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The Economics of the Yasuní Initiative

Climate Change as if Thermodynamics Mattered

Joseph Henry Vogel, with a Foreword by Graciela Chichilnisky
 

The Economics of the Yasuní Initiative

Lively, ethical, and humorous: the perfect counterpoint to the economics-as-usual approach to climate change.

Imprint: Anthem Press
ISBN 9781843318743
December 2009 | 148 Pages | 140 x 216mm / 5.5 x 8.5 | 4+ figures and photographs
 
PRICE:  £12.50  /  $20.00  Buy from Amazon.co.uk  Buy from Amazon.com
 
 
9781843318743

About This Book

'…[R]efreshing and persuasive…pos[ing] important questions for mainstream economics and co-operation theory…a call to arms for the use of multiple, radical means to mitigate climate change.' —‘International Journal of Environmental Studies’

'A springboard for a succinct, passionate exploration of the economics of anthropogenic climate change… It does what all good books should do: it makes you think.' —Doug Macdougall, Professor Emeritus, Scripps Institution of Oceanography and author of ‘Nature's Clock: How Scientists Measure the Age of Almost Everything’

'…[R]efreshing and persuasive…pos[ing] important questions for mainstream economics and co-operation theory…a call to arms for the use of multiple, radical means to mitigate climate change.' ‘International Journal of Environmental Studies’

Climate change and the intertwined extinction crisis lend themselves to political economy. Joseph Henry Vogel has constructed an argument for bringing the carbon-rich but economically poor countries through the bottleneck of a cowboy economy and into the 'cap and trade' Annex I countries of the Kyoto Protocol. Ecuador serves as the example. ‘The Economics of the Yasuní Initiative’ is a counterpoint to ‘The Economics of Climate Change’ by Sir Nicholas Stern on many levels. At the most basic level, Vogel argues that Stern is wrong for his failure to recognize the nature of climate change as thermodynamic, thereby missing the point of Northern appropriation of the atmospheric sink. The switch to thermodynamics brings into focus the legitimacy of a 'carbon debt’ that starts to tick with the first report of the IPCC in 1990. Through the lens of economic theory, the understandable intransigence of poor countries to assume the 'cap' in 'cap and trade' is a distortion to the economic system. But by that same economics, one distortion can justify another. That other distortion is the payment Ecuador seeks for not drilling in the Yasuní Biosphere. Heeding the call of Deirdre (formerly Donald) McCloskey that economics needs more humor, Vogel has written a scathing critique of economics-as-usual which also entertains.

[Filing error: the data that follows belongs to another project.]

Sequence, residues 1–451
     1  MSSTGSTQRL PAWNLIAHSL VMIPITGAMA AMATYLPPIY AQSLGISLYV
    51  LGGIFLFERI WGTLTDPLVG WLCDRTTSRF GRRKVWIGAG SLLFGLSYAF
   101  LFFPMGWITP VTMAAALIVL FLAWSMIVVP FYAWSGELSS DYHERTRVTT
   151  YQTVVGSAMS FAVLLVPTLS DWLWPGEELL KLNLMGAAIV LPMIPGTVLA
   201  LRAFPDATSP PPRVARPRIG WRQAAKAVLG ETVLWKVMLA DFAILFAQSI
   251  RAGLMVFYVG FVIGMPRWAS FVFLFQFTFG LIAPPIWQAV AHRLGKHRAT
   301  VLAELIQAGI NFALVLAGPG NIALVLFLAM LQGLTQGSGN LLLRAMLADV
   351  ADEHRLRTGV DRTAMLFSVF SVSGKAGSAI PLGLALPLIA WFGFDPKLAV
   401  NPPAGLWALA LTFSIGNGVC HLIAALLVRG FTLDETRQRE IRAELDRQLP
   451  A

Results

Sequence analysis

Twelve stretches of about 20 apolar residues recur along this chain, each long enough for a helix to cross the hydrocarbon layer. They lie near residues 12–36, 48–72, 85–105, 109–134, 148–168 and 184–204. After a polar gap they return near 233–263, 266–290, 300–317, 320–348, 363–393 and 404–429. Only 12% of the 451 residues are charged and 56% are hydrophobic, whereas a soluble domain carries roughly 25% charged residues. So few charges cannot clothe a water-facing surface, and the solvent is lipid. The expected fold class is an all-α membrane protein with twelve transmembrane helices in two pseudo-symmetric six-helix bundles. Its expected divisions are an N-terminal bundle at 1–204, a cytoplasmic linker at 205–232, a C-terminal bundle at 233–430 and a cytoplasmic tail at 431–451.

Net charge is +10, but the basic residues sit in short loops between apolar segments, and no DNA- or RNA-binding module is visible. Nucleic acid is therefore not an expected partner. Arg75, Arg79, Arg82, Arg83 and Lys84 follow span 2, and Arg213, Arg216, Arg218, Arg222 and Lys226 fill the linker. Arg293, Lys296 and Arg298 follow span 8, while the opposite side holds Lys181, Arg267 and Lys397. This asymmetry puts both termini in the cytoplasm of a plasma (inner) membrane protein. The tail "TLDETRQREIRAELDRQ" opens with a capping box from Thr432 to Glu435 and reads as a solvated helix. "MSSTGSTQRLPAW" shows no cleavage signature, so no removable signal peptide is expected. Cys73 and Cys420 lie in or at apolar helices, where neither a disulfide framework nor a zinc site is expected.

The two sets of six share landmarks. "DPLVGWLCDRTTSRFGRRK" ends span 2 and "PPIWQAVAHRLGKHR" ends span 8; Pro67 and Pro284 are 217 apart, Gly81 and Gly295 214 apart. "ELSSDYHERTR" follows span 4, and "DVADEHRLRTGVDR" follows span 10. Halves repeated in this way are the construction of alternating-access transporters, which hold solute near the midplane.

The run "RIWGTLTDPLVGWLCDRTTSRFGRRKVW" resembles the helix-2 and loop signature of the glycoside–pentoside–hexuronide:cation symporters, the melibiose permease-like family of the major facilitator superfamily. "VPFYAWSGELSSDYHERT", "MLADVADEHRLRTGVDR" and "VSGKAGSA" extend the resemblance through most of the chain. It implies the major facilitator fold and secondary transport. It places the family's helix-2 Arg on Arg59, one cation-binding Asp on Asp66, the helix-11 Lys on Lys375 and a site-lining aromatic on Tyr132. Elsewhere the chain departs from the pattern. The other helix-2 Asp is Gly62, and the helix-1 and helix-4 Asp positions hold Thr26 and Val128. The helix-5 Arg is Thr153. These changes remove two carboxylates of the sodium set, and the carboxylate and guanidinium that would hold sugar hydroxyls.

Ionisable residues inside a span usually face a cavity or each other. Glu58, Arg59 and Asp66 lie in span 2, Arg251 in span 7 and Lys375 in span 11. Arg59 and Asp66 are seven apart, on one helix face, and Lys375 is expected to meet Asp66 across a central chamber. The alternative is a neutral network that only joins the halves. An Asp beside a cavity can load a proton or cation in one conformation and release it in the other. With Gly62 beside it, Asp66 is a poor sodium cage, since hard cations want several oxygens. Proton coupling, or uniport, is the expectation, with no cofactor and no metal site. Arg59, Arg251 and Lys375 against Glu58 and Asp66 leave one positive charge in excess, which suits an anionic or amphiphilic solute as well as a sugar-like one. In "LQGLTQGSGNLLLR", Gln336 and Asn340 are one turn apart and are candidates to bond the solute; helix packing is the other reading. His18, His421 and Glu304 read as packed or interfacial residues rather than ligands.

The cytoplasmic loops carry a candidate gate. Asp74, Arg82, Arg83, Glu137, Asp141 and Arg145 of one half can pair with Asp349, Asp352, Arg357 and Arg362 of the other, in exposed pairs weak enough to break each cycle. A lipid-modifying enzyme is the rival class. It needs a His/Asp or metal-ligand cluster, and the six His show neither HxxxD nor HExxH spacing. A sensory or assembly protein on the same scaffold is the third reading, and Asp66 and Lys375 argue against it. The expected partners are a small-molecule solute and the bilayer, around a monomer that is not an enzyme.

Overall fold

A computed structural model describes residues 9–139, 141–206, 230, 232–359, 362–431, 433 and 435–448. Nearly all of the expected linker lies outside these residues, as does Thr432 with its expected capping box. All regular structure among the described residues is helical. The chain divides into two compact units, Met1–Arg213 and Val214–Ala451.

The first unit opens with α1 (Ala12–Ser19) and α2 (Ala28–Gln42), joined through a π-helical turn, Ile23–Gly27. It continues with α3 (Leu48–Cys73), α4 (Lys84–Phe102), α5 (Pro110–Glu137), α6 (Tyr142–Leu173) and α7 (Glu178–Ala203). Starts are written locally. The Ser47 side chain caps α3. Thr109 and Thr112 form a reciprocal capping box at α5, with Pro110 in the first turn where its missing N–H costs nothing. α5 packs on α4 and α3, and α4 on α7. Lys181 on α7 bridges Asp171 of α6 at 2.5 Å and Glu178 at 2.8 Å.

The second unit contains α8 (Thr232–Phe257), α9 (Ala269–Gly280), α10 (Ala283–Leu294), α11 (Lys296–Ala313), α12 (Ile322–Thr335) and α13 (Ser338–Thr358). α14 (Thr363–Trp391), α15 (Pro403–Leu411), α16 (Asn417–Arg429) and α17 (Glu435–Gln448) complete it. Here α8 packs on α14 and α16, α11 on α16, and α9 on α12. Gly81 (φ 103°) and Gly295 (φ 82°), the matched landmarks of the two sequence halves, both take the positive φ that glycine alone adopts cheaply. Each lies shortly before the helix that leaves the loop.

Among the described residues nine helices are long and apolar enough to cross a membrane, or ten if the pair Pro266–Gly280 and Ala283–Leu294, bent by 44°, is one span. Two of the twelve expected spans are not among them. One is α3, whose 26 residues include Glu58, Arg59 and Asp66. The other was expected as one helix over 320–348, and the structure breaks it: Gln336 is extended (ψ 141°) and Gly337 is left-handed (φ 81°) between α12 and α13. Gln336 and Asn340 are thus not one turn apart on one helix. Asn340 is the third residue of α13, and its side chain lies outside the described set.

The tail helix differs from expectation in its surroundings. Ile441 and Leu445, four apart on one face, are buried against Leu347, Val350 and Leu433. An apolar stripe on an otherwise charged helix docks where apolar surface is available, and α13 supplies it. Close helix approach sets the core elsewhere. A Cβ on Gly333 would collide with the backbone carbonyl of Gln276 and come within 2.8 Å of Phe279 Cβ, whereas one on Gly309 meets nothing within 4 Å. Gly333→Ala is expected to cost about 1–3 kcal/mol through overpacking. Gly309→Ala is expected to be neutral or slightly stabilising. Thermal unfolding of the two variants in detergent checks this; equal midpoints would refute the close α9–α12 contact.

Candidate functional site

Readership: Students from secondary through tertiary, as well any engaged reader interested in science, policy, and humor.

Author Information

Joseph Henry Vogel is Professor of Economics at the University of Puerto Rico-Río Piedras and serves on the International Tribunal of Climate Justice.

Graciela Chichilnisky has worked extensively in the Kyoto Protocol process, creating and designing the carbon market that became international law in 2005.

Table of Contents

Prologue by José Manuel Hermida; Foreword by Graciela Chichilnisky; Introduction; Acknowledgments; Abbreviations; Chapter 1: Thermodynamics: The Language Chosen Defines the Debate; Chapter 2: The Tragedy of the Commons: A Class of Problems that has no Technical Solution; Chapter 3: The Willful Ignorance of Realpolitik: Market Failure or Cost-shifting Success?; Chapter 4: The General Theory of Second Best: A Rigorous Justification for an Intuitively Just Proposal; Chapter 5: Through the Bottleneck of a Cowboy Economy: Financing Shovel-ready Projects; Conclusions: Reason for Hope and Despair; Appendix: Annotated YouTube Filmography; Notes; Index